Phew! Thanks for that paola. I thought I was going to be the only person commenting.
And thanks for this...
Originally Posted by paola
For instance, a couple of years back I saw a short interview to a former guard in a North Korean camp, explaining how he had been brainwashed to the point that when he assisted with the execution of a family (mom, dad, young child) by gas, he marvelled at the horribly futile effort of the parents to pump their own breath into their child, as he could not assume such enemies of the state could have feelings too. Truly horrifying - but once you have that, the final chapter (which I won't spoil for those who haven't got that far yet) cannot punch you hard enough.
First of all - horrifying.
Secondly, are you saying in terms of dated that you think that the harshness of this dystopian society doesn't measure up to reality? That it somehow whitewashes just how terrible such a society can be with the above as an example?
I thought the Operation was pretty horrific myself. And what was scariest was that people were opting to take it. And I guess that's the "un-datedness" I see in the book because we read about measures that convince people to enslave themselves. There are quite a few parallels I see in society today. Less the boot and more the slogan.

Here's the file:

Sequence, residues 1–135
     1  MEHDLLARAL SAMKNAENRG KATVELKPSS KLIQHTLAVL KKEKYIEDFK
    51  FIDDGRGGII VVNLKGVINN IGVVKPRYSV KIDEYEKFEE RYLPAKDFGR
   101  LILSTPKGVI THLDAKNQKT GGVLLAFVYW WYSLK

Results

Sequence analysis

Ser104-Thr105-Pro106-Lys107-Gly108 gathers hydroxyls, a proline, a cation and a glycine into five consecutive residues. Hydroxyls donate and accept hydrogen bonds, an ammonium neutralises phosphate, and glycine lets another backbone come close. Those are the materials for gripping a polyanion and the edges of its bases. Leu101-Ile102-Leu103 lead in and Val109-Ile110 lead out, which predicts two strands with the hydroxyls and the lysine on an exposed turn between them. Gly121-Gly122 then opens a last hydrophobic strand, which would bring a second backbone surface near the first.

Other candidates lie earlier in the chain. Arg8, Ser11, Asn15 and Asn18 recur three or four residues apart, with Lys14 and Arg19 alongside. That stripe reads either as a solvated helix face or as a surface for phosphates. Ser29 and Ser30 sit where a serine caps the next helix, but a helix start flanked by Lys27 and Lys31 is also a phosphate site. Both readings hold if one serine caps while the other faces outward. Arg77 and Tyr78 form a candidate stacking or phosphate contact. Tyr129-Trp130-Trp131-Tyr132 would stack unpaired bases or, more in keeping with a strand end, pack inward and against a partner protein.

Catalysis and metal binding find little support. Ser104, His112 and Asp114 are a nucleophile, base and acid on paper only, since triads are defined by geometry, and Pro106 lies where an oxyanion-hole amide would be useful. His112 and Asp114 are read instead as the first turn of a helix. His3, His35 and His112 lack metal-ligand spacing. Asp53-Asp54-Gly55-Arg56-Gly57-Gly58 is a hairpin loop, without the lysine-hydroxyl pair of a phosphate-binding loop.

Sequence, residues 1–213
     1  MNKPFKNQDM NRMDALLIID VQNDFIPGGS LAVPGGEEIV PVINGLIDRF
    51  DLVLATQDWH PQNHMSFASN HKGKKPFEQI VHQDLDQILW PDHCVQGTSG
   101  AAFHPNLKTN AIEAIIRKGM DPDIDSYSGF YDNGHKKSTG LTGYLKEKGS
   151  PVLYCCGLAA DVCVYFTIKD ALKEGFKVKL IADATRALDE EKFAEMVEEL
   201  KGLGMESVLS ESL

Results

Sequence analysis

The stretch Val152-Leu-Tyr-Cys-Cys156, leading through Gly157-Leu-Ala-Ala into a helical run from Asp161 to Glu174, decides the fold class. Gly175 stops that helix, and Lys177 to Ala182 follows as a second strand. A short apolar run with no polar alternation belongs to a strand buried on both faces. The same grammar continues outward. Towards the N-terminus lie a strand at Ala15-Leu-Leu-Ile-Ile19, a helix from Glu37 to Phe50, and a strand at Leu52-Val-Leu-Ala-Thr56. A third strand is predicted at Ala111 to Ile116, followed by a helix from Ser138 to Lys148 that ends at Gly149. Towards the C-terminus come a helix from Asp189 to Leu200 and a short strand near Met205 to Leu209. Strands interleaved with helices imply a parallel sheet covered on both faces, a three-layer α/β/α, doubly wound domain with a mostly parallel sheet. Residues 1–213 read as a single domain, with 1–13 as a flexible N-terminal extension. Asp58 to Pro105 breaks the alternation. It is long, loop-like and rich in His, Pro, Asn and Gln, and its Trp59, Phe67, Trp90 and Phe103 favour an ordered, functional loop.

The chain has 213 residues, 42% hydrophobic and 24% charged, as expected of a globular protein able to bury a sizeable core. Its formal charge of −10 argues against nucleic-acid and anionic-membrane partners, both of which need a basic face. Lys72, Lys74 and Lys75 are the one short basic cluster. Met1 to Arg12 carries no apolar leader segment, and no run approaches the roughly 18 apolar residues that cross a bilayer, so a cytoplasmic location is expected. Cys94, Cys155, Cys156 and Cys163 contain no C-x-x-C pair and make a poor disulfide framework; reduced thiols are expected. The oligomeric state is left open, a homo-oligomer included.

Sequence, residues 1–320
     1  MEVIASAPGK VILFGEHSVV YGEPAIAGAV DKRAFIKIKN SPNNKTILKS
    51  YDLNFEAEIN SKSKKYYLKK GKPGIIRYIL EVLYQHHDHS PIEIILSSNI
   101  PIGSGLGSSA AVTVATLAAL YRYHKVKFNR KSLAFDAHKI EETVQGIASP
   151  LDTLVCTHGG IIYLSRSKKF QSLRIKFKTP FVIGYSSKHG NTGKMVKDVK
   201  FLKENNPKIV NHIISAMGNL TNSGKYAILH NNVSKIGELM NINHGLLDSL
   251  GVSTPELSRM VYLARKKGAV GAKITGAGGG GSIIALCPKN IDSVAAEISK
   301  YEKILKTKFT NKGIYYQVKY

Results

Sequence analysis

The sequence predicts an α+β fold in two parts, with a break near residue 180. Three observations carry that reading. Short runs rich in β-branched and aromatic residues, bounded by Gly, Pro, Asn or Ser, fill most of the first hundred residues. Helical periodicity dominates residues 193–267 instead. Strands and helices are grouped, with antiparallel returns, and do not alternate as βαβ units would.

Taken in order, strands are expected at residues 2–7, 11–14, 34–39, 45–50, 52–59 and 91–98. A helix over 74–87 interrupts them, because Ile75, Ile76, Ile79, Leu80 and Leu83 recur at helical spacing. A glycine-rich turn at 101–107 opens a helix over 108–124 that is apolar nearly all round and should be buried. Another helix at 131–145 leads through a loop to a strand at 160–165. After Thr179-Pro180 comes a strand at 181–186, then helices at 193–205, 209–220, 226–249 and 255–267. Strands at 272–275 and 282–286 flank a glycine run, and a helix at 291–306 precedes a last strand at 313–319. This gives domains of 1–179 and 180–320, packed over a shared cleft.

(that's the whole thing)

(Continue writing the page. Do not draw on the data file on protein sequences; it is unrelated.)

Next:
again I don't want to spoil it for those who have not read it yet, but let us say that things happen to D which should have immediate consequence (at least in the logic of the United State) that are simply not there...
Yes. I was a bit confused by this myself. There were a few parts of the book where I felt I wasn't connecting the dots well enough and this was one of them. I was thinking that he was being set up - a la 1984
, but I don't quite see how that actualised. That is of course, unless for a reason completely unexplained, that the United State wanted D- reformed rather than destroyed.
I actually think as far as a cohesive plot goes, it wasn't quite there. I liked it more for intent than for story if you know what I mean.